ARTERIAL BYPASS SURGERY
Coronary artery bypass surgery, also coronary artery bypass graft (CABG) surgery, and colloquially heart bypass or bypass surgery is a surgical procedure performed to relieve angina and reduce the risk of death from coronary artery disease. Arteries or veins from elsewhere in the patient’s body are grafted to the coronary arteries to bypass atherosclerotic narrowing and improve the blood supply to the coronary circulation supplying the myocardium (heart muscle). This surgery is usually performed with the heart stopped, necessitating the usage of cardiopulmonary bypass; techniques are available to perform CABG on a beating heart, so-called “off-pump” surgery.
What is coronary artery bypass surgery?
This is a type of heart surgery. It’s sometimes called CABG (“cabbage”). The surgery reroutes, or “bypasses,” blood around clogged arteries to improve blood flow and oxygen to the heart.
Why is this surgery done?
The arteries that bring blood to the heart muscle (coronary arteries) can become clogged by plaque (a buildup of fat, cholesterol and other substances). This can slow or stop blood flow through the heart’s blood vessels, leading to chest pain or a heart attack. Increasing blood flow to the heart muscle can relieve chest pain and reduce the risk of heart attack.
Before your surgery you will receive anesthesia. This will make you unconscious and unable to feel pain. The effects of the anesthesia will last the entire procedure.
Once you are unconscious, the heart surgeon will make a 10-inch-long incision (cut) in the middle of your chest. Then your breastbone will be separated to create an opening that allows the surgeon to see your heart and aorta (the main blood vessel leading from the heart to the rest of your body).
Most people who have coronary bypass surgery are connected to a heart-lung bypass machine, or bypass pump.
- This machine does the work of your heart while your heart is stopped for the surgery. The machine adds oxygen to your blood, and circulates your blood through your body.
- Your heart is stopped while you are connected to this machine.
What happens after bypass surgery?
After surgery, the patient is moved to a hospital bed in the cardiac surgical intensive care unit. Heart rate and blood pressure monitoring devices continuously monitor the patient for 12 to 24 hours. Family members can visit periodically. Medications that regulate circulation and blood pressure may be given through the I.V. (intravenously). A breathing tube (endotracheal tube) will stay in place until the physicians are confident that the patient is awake and ready to breathe comfortably on his or her own.
How does coronary artery disease develop?
Coronary artery disease (CAD) occurs when atherosclerotic plaque (hardening of the arteries) builds up in the wall of the arteries that supply the heart. This plaque is primarily made of cholesterol. Plaque accumulation can be accelerated by smoking, high blood pressure, elevated cholesterol, and diabetes. Patients are also at higher risk for plaque development if they are older (greater than 45 years for men and 55 years for women), or if they have a positive family history for early heart artery disease.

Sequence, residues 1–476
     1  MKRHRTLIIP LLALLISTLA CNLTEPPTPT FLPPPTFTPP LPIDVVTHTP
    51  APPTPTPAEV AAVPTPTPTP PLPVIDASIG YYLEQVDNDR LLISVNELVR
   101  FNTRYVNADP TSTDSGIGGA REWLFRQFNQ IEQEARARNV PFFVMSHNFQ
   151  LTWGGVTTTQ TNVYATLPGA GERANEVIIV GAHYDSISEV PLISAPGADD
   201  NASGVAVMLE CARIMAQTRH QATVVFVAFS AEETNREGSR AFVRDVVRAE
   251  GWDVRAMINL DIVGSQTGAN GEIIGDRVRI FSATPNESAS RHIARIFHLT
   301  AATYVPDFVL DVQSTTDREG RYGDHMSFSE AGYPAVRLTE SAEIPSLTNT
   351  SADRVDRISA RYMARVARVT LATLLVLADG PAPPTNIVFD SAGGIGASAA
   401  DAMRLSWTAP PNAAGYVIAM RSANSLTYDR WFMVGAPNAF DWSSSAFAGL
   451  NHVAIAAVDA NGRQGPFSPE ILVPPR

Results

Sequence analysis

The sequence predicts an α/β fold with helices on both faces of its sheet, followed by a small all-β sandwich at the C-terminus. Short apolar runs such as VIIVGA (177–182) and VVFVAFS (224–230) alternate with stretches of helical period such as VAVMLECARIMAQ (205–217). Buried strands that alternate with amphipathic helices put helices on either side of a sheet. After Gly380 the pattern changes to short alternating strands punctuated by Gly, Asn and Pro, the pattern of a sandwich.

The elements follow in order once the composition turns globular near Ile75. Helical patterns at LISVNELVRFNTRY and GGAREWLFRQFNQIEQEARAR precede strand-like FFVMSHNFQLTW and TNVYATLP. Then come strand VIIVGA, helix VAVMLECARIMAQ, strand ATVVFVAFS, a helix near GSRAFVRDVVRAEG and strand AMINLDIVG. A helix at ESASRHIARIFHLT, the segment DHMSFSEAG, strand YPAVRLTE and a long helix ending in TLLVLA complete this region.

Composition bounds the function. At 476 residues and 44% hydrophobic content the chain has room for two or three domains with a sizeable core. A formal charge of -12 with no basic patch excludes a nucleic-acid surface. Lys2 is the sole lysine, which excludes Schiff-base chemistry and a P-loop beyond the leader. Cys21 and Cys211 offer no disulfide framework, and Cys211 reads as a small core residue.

The atherosclerotic process causes significant narrowing in one or more coronary arteries. When coronary arteries narrow more than 50 to 70%, the blood supply beyond the plaque becomes inadequate to meet the increased oxygen demand during exercise. The heart muscle in the territory of these arteries becomes starved of oxygen (ischemic). Patients often experience chest pain (angina) when the blood oxygen supply cannot keep up with demand. Up to 25% of patients experience no chest pain at all despite documented lack of adequate blood and oxygen supply. These patients have “silent” angina, and have the same risk of heart attack as those with angina.
What happens during surgical bypass?
Your specific surgical procedure depends on your symptoms, your overall physical condition, and how much plaque has built up in your arteries. Your surgeon, with the help of your anesthesiologist, may use either general or regional (epidural or spinal) anesthesia for the procedure.
*For an arm or leg bypass, your vascular surgeon usually first selects and removes the vein that will serve as the bypass graft for your artery. Your vascular surgeon usually uses your great saphenous vein (GSV) for the graft, if it is suitable. Your GSV runs under your skin between your foot and your groin.
Sometimes your surgeon may need to use another vein or a synthetic fabric artery for the graft.
- To reach the bypass site in your blocked artery, your surgeon makes an incision in your skin over the artery.
- Once your surgeon exposes the artery, he or she evaluates the pulse in the healthy part of the artery. By checking the pulse, your surgeon makes sure that the artery provides enough blood flow to supply the bypass.
- Your surgeon next opens the artery below the part that is blocked. This is where he or she will connect one end of the graft.
- Your surgeon sews the graft into your artery with permanent stitches.
- Next your surgeon routes the other end of the graft between your muscles and tendons to a site above the blockage. In the same way, the surgeon then opens the artery and, at this location, stitches the graft onto this end of the artery.
- Your surgeon checks the bypass for correct alignment and leakage. During the procedure, your vascular surgeon may perform an arteriogram or duplex ultrasound examination in the operating room to check the bypass for any problems.
- When the surgery is complete, your surgeon closes all of the incisions.
- After the procedure, your surgeon may order a duplex ultrasound or other non-invasive tests, such as pulse volume recordings, to make sure the bypass is functioning properly.